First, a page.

Tuesday, October 22, 2013

But what if my kid can't use an encyclopedia?!

My morning routine started like it normally does, wake up, check Twitter, check Facebook, get kids ready for school... As I was checking Facebook this morning, I came across the following post (Original post was something along the lines of "I hate that the kids are getting iPads") and 42 responses...

These two are my favorite, but let me pick out the best parts for you.

It looks like somebody missed the memo that Encyclopedia Britannica stopped printing encyclopedias after its 2010 volume, citing that it had long since moved toward a business focus on its online educational materials. 

And I know everyone is entitled to their own opinion, but as a parent of 3 awesome kids, I do not wake up in the morning saying, "I hope your life is hard, because mine was, and I made it." I work my butt off to make sure they have the tools they need to be successful. I want them to not only have the amazing experiences I did growing up, but to give them bigger, better, more exciting opportunities. And then I want them to share those experiences with the world.

To quote Scott McLeod, whose video I'm about to share with you, "I want to tell you a different story about youth and technology." 

What about the students in my colleague Erin Olson's classroom who are using *gasp* Twitter to share their voice? Or the students in my own classroom who, when asked to identify what they NEEDED in their education, came up with ideas like technology, internship opportunities, hands-on learning, and personalized learning opportunities. My students, who were able to learn from people across Iowa, Hawaii, Minnesota, Sweden, and South Africa. My children, who travelled through space using their iPads. Kids are doing amazing things, and experiencing life outside of their four classroom walls, and writing, publishing, and creating for a real life audience.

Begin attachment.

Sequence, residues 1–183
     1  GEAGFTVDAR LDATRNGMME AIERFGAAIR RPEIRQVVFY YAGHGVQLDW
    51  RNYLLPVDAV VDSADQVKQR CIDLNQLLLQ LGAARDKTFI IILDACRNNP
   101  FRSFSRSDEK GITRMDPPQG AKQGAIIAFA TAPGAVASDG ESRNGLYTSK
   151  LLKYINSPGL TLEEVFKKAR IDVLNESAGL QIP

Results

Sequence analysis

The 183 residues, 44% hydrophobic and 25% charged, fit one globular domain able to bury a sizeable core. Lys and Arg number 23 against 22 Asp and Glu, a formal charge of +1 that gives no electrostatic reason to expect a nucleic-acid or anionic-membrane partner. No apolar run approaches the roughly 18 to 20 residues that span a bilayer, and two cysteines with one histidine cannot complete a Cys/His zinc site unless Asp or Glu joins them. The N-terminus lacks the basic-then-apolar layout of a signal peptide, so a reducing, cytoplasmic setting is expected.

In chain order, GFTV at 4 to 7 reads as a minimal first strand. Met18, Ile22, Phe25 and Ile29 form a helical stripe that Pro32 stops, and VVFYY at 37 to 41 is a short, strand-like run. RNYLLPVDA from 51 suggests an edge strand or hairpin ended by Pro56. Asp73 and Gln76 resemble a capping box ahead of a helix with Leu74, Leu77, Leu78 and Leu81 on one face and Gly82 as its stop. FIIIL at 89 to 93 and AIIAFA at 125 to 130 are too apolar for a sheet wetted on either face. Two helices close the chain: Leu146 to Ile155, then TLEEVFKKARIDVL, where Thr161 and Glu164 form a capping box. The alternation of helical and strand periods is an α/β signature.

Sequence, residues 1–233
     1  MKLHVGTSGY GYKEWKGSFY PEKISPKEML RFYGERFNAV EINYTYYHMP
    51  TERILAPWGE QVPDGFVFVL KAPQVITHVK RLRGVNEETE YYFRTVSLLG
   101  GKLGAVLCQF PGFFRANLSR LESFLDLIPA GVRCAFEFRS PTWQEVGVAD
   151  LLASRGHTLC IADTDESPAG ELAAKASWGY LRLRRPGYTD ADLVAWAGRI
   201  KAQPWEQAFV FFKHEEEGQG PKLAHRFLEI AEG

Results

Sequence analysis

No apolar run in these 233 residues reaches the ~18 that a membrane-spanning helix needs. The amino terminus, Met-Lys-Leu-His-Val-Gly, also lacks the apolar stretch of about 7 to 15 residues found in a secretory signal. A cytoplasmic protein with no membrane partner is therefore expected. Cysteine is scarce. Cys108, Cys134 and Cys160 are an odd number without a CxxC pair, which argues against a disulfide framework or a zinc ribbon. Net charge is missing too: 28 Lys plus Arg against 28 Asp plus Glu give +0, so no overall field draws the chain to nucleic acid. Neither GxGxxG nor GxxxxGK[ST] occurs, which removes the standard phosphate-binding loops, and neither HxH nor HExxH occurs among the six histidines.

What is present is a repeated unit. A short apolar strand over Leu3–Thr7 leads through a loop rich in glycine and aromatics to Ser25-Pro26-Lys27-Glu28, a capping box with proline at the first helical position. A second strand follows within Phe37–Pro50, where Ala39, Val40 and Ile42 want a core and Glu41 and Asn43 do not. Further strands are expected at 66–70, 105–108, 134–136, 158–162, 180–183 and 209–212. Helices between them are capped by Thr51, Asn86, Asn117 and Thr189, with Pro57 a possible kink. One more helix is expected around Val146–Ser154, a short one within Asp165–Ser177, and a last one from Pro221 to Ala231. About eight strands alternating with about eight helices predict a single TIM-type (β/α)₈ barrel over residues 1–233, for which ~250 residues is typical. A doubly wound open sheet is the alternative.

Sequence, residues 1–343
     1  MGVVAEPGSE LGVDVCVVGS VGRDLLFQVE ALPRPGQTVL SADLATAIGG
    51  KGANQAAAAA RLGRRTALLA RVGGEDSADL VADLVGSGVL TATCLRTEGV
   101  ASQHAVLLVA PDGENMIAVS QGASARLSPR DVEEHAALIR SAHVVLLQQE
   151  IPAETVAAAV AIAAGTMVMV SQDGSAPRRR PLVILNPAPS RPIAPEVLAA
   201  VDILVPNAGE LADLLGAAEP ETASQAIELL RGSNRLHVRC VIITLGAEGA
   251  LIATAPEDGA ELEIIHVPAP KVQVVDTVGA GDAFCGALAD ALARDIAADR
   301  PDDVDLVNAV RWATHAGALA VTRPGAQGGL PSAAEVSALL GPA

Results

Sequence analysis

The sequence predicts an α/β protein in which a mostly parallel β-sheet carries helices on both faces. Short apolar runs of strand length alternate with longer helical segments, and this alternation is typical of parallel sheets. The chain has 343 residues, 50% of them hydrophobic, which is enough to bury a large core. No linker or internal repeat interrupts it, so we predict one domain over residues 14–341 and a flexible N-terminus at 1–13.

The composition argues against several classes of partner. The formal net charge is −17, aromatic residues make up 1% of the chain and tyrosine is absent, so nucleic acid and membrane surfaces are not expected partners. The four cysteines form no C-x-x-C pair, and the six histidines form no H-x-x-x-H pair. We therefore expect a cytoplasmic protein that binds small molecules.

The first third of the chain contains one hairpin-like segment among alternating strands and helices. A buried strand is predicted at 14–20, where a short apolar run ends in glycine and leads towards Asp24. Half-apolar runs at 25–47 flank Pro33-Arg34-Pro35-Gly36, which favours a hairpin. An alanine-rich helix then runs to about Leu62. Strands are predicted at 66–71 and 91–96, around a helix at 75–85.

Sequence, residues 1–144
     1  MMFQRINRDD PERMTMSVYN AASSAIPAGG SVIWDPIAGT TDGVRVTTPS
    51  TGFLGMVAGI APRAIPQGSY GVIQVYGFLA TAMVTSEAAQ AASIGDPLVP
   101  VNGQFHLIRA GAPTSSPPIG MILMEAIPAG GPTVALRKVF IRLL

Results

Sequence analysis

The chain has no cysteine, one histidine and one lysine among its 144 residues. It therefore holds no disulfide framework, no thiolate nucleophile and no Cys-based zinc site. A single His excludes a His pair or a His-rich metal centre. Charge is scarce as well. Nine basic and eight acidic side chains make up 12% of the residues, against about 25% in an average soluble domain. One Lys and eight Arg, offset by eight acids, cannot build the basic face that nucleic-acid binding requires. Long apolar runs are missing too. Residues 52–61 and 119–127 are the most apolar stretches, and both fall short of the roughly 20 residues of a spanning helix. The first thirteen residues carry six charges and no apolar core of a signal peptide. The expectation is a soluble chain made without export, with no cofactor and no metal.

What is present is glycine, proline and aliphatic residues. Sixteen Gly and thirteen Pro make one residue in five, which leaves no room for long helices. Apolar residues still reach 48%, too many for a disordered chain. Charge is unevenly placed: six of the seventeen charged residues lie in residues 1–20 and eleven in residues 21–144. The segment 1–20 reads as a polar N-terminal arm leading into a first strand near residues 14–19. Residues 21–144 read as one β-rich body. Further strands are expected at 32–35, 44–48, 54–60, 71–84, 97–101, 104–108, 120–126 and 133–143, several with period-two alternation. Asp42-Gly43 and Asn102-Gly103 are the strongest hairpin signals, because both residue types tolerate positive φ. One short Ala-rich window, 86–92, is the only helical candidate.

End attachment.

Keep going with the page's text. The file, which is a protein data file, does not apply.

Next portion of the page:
Setting our kids up for failure isn't handing them iPads. Setting our kids up for failure is continuing to educate them in a system that was built for how we lived 100 years ago. We cannot keep preparing students for a world that will not exist by the time they are ready to enter the job market. And it's not just a world that won't exist, but a world that doesn't exist. Even living in rural Iowa, you have to see how even something as basic to us as farming has changed in the last 10 years.

We're not quite here yet, but check out John Deere's vision of the future of farming:

If you are lucky enough to have students in a district where they've been provided with devices that will allow them to produce, publish, create, explore, and contribute to the world around them, get excited! Challenge your students and their teachers to use that technology to do something amazing; to transform their educational experience. But please, please don't underestimate the amazing opportunities being offered to children all across the globe as technology becomes faster, cheaper, and easier to use.


  1. Thank you for the clarity and the sanity....we educators need to try and catch up to the bus...BYOD, global ed, inquiry and HOT (Aimee Buckner - Higher Order Thinking). Let's develop these 21st century learning resources and strategies together.

    1. Thanks for the comment. One of the things that is so powerful, as you mention, is the inquiry and higher order thinking - we can stretch our students' understanding, network, impact, etc. using technology. You start doing higher level work that MEANS something, as opposed to worksheets. At least in a GOOD environment you do. In other places you end up with digital worksheets...